(Casper Star Tribune, November 10) – In between the appetizers at Old Chicago, dinner at the Prime Rib Restaurant and Wine Cellar and tourism videos showing deer, elk and antelope grazing on the grasslands of the Powder River Basin, there was coal. Some 100 million tons of it.
That’s the amount coal companies would annually ship to Asia if three export docks in the Pacific Northwest are built. But Wyoming’s miners must first convince a skeptical public in Oregon and Washington that shipping the carbon-dioxide-laden, Btu-rich mineral abroad is a good idea.
Last week, the Wyoming Infrastructure Authority, a state agency, and Arch Coal attempted to do just that, welcoming three visitors from the Pacific Northwest on a three-day, two-night, all-expenses-paid trip.
The trio, accompanied by a bevy of company and state officials, toured the Black Thunder coal mine and the coal-fired Dry Fork power plant and admired the gleaming public buildings built with tax money from the industry.
The message: Coal’s not as dirty as you think, and it can be good for your economy too.
“We had a prime rib dinner last night,” marveled Gary Archer, a city councilman from Kelso, Washington, a town neighboring one of the proposed ports. “These guys got it made up here. They got everything they need, except public perception.”
The tour is part of a larger charm offensive by Wyoming officials to sell people from the Pacific Northwest on coal exports. Concerns there range from global warming to the coal dust and traffic congestion caused by snaking rail trains.
Gov. Matt Mead toured Millennium Bulk Terminals in Longview, Washington, just across the Cowlitz River from Kelso, in June.
State lawmakers and Wyoming Infrastructure Authority Executive Director Loyd Drain have visited Bellingham, Washington, home of the proposed Gateway Pacific Terminal.
And Gillette has welcomed three delegations from the Pacific Northwest this year, counting the one that visited last week.
Ambre Energy has proposed a third export dock at the Port of Morrow in Oregon, but state regulators there denied the company’s application earlier this year. Ambre is appealing the ruling.
The push for the coal exports comes at a time when American utilities increasingly are convertingtheir coal-fired power plants to natural gas or shuttering them altogether.
Coal companies, and Wyoming officials who rely on the revenue generated by their business to finance state government, see energy-hungry Asia as their best hope for limiting those loses.
On the tour, state and local officials tried to correct what they said are misconceptions about the coal industry.
Their convoy of cars stopped as freshly loaded rail cars at Arch’s Black Thunder coal mine were sprayed down with a sealant-like glue used to prevent coal dust from blowing away during the train’s cross-country journey.
Mine officials touted their reclamation efforts, showing off an aerial photo of Black Thunder. See the lush grasslands here, they said. That is reclaimed land. This brown section here is natural. We leave it better than we found it.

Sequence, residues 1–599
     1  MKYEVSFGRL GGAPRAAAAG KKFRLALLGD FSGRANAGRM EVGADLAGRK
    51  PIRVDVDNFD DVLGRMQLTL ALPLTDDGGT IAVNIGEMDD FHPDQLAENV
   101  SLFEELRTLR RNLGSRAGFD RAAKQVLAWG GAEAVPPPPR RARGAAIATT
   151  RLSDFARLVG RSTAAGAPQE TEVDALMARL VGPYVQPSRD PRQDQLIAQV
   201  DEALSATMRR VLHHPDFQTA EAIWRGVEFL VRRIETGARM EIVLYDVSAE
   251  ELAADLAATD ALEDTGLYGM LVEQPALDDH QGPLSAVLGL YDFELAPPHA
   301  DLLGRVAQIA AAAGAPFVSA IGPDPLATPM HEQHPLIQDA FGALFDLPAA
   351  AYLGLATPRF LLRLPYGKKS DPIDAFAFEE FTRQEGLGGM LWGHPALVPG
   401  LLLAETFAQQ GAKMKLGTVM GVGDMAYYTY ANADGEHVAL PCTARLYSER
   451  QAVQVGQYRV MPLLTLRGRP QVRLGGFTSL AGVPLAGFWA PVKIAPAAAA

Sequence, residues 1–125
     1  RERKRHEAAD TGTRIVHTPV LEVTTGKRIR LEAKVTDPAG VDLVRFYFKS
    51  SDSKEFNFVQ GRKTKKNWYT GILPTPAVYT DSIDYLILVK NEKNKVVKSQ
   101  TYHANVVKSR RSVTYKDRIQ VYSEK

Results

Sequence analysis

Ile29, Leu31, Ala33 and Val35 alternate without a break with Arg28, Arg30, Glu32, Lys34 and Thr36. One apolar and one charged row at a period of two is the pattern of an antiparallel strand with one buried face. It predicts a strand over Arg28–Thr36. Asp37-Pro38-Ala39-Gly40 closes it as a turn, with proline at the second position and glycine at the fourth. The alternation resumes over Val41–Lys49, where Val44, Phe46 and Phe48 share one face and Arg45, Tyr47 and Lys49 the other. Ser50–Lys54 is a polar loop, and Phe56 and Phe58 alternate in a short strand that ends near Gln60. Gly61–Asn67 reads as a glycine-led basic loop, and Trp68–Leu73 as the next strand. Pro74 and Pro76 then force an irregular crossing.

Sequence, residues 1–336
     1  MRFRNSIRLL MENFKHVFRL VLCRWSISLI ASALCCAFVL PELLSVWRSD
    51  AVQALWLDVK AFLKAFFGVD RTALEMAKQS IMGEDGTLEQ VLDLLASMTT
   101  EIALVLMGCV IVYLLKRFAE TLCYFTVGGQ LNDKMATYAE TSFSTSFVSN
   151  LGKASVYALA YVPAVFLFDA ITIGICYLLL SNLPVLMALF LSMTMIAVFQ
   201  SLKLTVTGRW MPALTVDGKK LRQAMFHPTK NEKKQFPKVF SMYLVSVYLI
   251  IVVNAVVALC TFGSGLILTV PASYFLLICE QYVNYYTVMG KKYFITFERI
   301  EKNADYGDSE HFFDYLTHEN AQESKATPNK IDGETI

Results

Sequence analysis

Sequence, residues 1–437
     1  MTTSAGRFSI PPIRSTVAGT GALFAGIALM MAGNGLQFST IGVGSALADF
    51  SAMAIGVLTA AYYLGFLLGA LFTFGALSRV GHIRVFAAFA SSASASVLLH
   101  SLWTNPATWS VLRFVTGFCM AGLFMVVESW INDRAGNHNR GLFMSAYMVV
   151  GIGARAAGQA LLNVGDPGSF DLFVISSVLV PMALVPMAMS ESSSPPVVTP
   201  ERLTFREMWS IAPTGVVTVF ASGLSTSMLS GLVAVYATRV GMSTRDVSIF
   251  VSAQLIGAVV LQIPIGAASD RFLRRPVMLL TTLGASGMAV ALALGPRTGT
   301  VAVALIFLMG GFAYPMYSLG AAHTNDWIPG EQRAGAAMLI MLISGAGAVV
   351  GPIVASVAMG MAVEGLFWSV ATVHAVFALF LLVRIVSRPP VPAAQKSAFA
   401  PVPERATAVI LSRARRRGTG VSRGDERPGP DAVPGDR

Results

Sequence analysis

And they sought to combat the perception that coal communities are dirty and poor.
Mountaintop mining and black lung disease? Those are problems you find in Appalachia, Campbell County Commissioner Dan Coolidge told the travelers in a presentation at the Wingate Hotel.
“We do it responsibly,” Coolidge assured them.
The tour was organized by the Wyoming Infrastructure Authority and the Northeast Wyoming Municipal Leaders Group. Drain estimated that the WIA’s share of expenses was $5,000 to $6,000.
NEWY, as the municipal group is called, receives sponsorship from companies to help pay for the costs, he said, noting that the dinners were paid for by sponsors.
Their visitors made for a receptive audience.
“I was kind of in favor of it anyway,” said Archer, the Kelso city councilman.
Alice Dietz, director of program at the Cowlitz Economic Development Council, noted that Longview lost 900 jobs when an aluminum smelter at the site of the proposed coal terminal in Longview closed several years ago.
Longview is a town built on the back of the timber industry, she said, adding, “I don’t think it is a light-industry type of place.”
“I am supportive of jobs,” Dietz said. “Being here, it does seem like clean production. As for burning coal itself, it is going to be burnt somewhere.”
Gary MacWilliams didn’t say one way or another if he favored coal exports, but his opinion may have mattered most among those in attendance.
MacWilliams is director of natural resources for the Nooksack Tribe, one of the tribes with fishing rights at Cherry Point, where Gateway Pacific is proposed.
Tribal fishing rights will play a crucial role in whether the coal docks are built. When Oregon rejected Ambre Energy’s proposal at the Port of Morrow, regulators said the project would infringe on tribal fishing rights along that stretch of the Columbia River.
MacWilliams’ presence on the tour represented a victory of sorts for Wyoming officials. Members of the Lummi Tribe and the Confederated Tribes of the Umatilla Indian Reservation rejected the state’s invite.
“They’ve been to coal mines and oil fields,” said Chuck Sams, a spokesman for the Umatilla tribes.
The Umatilla board of directors decided it was important to maintain a government-to-government relationship with Wyoming, he said. So the board invited Mead to visit its reservation. The tribes have yet to hear back, he said.
The governor’s office did not respond by press time to a question about the status of the invite.
MacWilliams, during a conversation with local officials, marveled at Gillette College and the area’s recreation center. When you think of coal communities, he said, you think of poor dirty, towns.
“Here it is different,” he said. “Clearly, you’re thriving.”
Whether that represented progress in Wyoming’s coal export campaign remained to be seen.